Preserving Our Past, Capitalizing on the Present, Embracing the Future

Army Nurses and Healthcare After Hurricane Katrina

— by COL (Ret.) C. J. Moore, AN

When Hurricane Katrina hit the coast of Louisiana on 29 August 2005, its immense size and strength combined to turn a disaster in New Orleans into a catastrophe. Many healthcare facilities were damaged or destroyed. The communication infrastructure was knocked out. Over one million people were evacuated.1 On 7 September 2005, Army nurses and other healthcare providers of the 14th Combat Support Hospital deployed to hurricane-battered “Big Easy” to provide emergency healthcare in the wake of this, the costliest natural disaster in the history of the United States.

The mobile medical unit set up “64 beds plus operating room, pharmacy, radiology, laboratory, and blood bank in DEPMEDS temper equipment at the New Orleans International Airport.”2 Later, because Hurricane Rita potentially had the airport in its path, the unit was torn down and set up again at the New Orleans Convention Center. The hospital expanded to “84 beds; computed tomography and X-ray equipment were added; and an emergency room, and several ambulatory clinics were set up.”3 This move was fortunate not only because it moved the facility closer where hurricane-ravaged survivors might be, but also the Combat Support Hospital became to only facility to provide trauma support. Charity Hospital, which normally handled this level of care, had been damaged beyond repair by the floods following the hurricane. Chief Nurse Lieutenant Colonel Kelly Wolgast and the nurses of the hospital found there was no shortage of patients. Many individuals were cut off from care and medical therapeutics, such as oxygen or insulin. Other patients who were homebound or mentally ill were somehow missed and not evacuated. This population was also in desperate need of assistance. As in other disasters, the emergency room saw a high number of heart attacks, uncontrolled hypertension, and orthopedic injuries. Newly homeless patients’ chronic health care problems were exacerbated as they attempted to come to terms with their loss and try to plan for the future. The 21st Combat Support Hospital deployed on 10 October to replace the 14th as the city’s only trauma center.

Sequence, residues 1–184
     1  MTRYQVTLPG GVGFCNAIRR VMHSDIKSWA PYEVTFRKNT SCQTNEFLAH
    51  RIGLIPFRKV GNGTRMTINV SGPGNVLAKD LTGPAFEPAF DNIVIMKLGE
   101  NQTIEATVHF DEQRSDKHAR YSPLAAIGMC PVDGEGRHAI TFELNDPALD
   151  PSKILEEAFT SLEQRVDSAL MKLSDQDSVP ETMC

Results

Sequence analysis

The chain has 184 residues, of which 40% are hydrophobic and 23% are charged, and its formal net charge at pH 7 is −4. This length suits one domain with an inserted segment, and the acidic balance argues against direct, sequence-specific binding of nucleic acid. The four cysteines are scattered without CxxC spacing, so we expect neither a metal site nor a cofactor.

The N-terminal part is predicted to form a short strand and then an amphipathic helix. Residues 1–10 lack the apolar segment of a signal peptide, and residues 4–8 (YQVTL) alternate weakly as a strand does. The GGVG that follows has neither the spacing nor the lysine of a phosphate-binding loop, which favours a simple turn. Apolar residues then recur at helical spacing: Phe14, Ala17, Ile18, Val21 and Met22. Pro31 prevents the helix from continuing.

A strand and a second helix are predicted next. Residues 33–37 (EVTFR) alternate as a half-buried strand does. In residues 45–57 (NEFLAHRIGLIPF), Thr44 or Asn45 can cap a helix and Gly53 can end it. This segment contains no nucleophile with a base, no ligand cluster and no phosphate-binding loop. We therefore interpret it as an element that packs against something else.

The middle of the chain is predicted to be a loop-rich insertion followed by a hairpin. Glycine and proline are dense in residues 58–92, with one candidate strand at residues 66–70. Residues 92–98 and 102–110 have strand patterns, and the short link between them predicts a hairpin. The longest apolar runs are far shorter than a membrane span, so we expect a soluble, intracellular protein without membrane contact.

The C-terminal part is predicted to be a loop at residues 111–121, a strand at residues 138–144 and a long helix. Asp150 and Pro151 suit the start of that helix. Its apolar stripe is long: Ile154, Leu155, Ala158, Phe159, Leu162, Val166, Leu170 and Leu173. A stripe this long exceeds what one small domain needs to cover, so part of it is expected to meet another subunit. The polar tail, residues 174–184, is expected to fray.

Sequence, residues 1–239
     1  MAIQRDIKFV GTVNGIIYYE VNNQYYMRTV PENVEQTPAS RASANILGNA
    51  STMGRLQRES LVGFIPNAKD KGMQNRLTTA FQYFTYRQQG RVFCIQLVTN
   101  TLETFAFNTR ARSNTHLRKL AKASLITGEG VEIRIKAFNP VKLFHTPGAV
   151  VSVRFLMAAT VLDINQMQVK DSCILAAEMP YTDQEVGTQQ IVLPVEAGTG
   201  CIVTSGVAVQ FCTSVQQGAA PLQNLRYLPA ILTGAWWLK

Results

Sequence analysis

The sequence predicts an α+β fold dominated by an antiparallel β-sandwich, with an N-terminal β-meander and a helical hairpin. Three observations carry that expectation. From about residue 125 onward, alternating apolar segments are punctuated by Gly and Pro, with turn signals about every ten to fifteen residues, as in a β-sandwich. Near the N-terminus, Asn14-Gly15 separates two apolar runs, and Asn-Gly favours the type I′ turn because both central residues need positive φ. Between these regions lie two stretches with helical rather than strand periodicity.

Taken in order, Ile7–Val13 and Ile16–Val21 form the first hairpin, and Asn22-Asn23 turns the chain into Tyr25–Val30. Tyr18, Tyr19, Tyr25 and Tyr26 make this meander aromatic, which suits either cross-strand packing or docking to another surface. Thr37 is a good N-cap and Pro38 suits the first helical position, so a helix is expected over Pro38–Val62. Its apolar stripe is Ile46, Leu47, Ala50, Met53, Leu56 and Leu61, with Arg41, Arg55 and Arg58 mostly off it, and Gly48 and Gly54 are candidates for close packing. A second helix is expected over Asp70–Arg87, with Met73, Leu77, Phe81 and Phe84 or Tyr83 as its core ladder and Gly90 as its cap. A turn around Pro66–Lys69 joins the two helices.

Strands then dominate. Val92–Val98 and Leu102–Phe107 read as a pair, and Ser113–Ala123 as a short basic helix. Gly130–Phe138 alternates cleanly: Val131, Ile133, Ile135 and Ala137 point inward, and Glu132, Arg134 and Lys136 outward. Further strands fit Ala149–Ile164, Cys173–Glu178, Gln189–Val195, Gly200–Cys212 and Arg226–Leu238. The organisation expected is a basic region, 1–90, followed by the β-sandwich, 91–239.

Nursing care in the 21st CSH
1LT Bridget Regner tends a 21st CSH patient in New Orleans
Army nurses attached to the mobile hospital worked nonstop 12-hour shifts seeing up to 150 patients per day. They provided reassurance as their patients related their stories, and helped stabilize individuals so that they could be moved to other hospitals for definitive care. Nurses directed the efforts of dispensing hand antiseptics, to remind people of basic cleanliness, and encouraged people to rest when they could. They provided the bulk of the “hands-on” care such as immunizations and dressing changes. Traumatized clients were highly impressed by the kindly nurses and were appreciative of their excellent nursing skills.4

On 14 November the 21st Combat Support hospital handed over the operation to the newly reestablished Charity Hospital. In total, during the five-week mission the Army nurses and the other healthcare professionals provided non-urgent, urgent and lifesaving care to more than “1,400 patients including performing 11 operative procedures and seven cardiopulmonary resuscitations. The emergency room saw over 400 patients including emergency stabilization of 106 patients and 36 admissions.”5

There is no question that Hurricane Katrina was a challenging event in the recent history of our country. These Army nurses demonstrated that no matter what the event or location, outstanding nursing care can be provided. “It took the skills resident in American’s soldiers to overcome the chaos and destruction delivered by Hurricane Katrina.”6
1 Elizabeth Bridges et al., “Military Nursing Research: Translation to disaster Response and Day-to-Day Critical Care Nursing,” Critical Care Nursing Clinics of North America, 20 (2008): 122.
2 “ANC in the Spotlight,” The Connection, 30(December 2005): 7.
3 Ibid.
4 Patrick Kenney, “The Life of an Army Physician” Notre Dame Club of Hawaii Newsletter, December 2005.
5 Tequia Burt, “After the Storm: Experiences and Insight from the Front,” Healthcare Executive, 24 (March/April 2006): 32-34.
6 James A. Wombwell, Army Support During the Hurricane Katrina Disaster, (Ft. Leavenworth, KS: US Army Combined Arms Center, 2009): 6.